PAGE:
Optimize camera parameters for moving object detection

Optimize camera parameters for moving object detection Applications with fast moving objects, often need a high framerate and short exposure time. Short exposure time comes with less light, meaning a light sensitive lens and image sensor are required.
Here is an overview of settings that will help you find the optimal settings in your high-speed application. You can use this as a guideline.

Set the correct Exposure Time

The first setting to optimize is the exposure time. The maximum exposure time is 1/framerate. If you want to achieve 200fps, the maximum exposure time is 1/200= 5ms.

The lower the exposure time, the darker the image, therefore you want your exposure time to be as long as possible to increase the brightness. However, it is limited by the calculated maximum exposure as shown above. Another important limitation you need to be aware of is the maximum exposure time to avoid motion blur. This is explained further in this article. In some applications motion blur is acceptable, in these cases a longer exposure time than the calculated value is possible.

Use Gain to improve the brightness of the image

Increasing the analog gain setting will also increase the brightness of the image. When the amplitude of the sensor output signal remains constant, increasing the gain makes the response curve steeper, which makes the image brighter. For every 6dB increases of the gain setting, the gray value of the image will double. For example, when the camera has a gain of 0dB, the image gray value is 126, and if the gain is increased to 6dB, the image gray will increase to 252.

Thus, increasing gain can be used to increase image brightness.

Note that increasing the analog gain will amplify the image noise.

Use Digital Shift to further increase the brightness

Some of our cameras support the digital shift feature. It is commonly used to enhance the brightness of the images. The enhancement occurs as a result of increasing every pixel’s brightness individually by ‘shifting’ the binary values to the left. Setting the digital shift value to n results in a logical left shift by n on all pixel values.

In the end this procedure multiplies every pixel value by 2n.  This will result in a brighter image, but also increase the noise. If the resulting pixel value is greater than the maximum value possible for the current pixel format, it is set to the maximum value.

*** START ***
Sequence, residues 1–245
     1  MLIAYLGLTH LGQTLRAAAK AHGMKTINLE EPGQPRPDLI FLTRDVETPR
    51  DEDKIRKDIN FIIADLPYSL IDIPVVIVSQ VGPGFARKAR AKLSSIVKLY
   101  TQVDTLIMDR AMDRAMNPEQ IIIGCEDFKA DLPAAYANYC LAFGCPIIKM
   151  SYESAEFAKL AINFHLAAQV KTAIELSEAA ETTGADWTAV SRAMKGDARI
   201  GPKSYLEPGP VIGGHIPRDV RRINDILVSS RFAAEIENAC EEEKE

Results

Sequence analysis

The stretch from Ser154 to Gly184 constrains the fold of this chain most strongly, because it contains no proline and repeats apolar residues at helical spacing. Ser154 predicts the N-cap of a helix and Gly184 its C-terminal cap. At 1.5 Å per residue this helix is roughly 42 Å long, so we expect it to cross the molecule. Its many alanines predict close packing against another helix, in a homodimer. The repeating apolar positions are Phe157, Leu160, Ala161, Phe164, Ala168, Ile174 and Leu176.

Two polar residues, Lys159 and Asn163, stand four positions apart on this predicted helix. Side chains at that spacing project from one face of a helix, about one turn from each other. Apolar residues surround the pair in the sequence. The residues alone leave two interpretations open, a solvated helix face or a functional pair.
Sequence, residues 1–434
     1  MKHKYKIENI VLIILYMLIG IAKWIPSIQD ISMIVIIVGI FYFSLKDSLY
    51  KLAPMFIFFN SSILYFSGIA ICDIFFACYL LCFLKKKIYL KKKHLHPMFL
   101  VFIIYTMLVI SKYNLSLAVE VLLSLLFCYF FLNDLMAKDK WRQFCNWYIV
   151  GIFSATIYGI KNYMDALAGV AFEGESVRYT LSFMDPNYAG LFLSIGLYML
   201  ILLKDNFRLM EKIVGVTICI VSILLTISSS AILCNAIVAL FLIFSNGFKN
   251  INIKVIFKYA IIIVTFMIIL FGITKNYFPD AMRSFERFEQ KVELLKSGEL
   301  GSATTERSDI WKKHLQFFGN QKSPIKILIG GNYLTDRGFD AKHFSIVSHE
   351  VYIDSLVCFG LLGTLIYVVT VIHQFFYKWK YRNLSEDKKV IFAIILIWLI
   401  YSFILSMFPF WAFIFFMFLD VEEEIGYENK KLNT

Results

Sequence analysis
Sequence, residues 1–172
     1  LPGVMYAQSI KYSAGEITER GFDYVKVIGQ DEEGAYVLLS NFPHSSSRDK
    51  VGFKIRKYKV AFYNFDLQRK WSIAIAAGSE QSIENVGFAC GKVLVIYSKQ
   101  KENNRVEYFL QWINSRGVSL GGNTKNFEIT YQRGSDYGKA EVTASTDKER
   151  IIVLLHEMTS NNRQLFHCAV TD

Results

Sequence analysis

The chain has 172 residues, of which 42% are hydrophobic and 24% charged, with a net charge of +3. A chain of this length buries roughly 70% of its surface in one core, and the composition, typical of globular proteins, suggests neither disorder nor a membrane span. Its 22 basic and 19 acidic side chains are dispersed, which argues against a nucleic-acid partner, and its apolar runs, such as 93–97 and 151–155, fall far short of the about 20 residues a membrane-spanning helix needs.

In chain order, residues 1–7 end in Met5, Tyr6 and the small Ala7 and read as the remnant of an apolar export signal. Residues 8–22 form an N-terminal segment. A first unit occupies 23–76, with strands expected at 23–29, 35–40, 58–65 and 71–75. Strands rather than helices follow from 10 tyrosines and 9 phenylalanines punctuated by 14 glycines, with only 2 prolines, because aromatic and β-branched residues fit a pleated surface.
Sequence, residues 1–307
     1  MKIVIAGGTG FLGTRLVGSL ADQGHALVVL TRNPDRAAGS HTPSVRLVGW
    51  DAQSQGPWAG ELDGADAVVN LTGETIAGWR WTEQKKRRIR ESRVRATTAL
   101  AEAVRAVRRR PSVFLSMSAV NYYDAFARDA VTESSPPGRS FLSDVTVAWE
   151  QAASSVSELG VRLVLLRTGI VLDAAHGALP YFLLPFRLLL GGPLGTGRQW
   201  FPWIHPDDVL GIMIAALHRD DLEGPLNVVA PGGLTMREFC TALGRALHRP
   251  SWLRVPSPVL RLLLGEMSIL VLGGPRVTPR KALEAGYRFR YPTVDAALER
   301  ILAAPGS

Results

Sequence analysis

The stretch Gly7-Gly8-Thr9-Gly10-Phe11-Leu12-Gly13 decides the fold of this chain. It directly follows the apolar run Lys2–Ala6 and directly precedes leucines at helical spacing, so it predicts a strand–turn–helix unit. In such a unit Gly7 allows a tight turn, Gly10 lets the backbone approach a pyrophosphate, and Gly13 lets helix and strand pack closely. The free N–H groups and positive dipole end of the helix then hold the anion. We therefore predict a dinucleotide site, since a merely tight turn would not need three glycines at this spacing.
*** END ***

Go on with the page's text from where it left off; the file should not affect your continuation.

To configure the digital shift factor, change the value of the “DigitalShift” parameter.
However, not every model supports this feature. If your model does not support it, you can change the gain value to get a similar effect. Please note that digital shift will also increase the noise levels.

Binning to increase sensitivity of the image sensor

Some cameras have the option to use binning. With binning you combine the value of 4 pixels resulting in the camera being 4 times more light sensitive. However, the camera resolution is divided by 4 as well.
More information can be found in this article about camera binning.

Use an image sensor with a bigger Pixel size

The pixel size has a big influence on the light sensitivity of the camera. Bigger pixels will catch more light than smaller ones. Using an image sensor with a 6.9µ pixel instead of a 3.45µ pixel will result in four times more light (3.45*3.45=11.90µm² , 6.9*6.9=47.61µm²).When comparing sensors from different manufacturers or even from the same manufacturer but different generations of image sensors, a bigger pixel will not always result in a more light sensitive pixel. The newer the image sensor, the more light sensitive the pixel is for the same pixel size.

Monochrome/Color cameras

Monochrome cameras are up to three times more light sensitive than colored cameras. This is due to colored cameras using a Bayer filter to generate a colored image. This Bayer filter blocks most of the light from reaching the sensor pixels. As a result, only the light of the specific filter color will reach the sensor pixel.
Moreover, monochrome cameras also generate a sharper images, as there is no image processing like it is in colored cameras.

Source: Bayer pattern on sensor profile - Bayer filter - Wikipedia

Selecting the best lens with a low F number

Lenses come with different F values which determine how much light they let through. Most of them have a manual Iris, where you can change the F value of the lens. For the maximum amount of light passing through, you should choose a Lens with a low F value, such as F1.4. An F1.4 lens will capture twice as much light as F2.0, but will decrease the depth of field.

More light to get a better camera image

If your camera image is still too dark and further fine tuning of above settings is not possible, adding extra light can be the solution. If you have questions about lighting or need help choosing the right light, please contact us. We will find the optimal lighting for your case.

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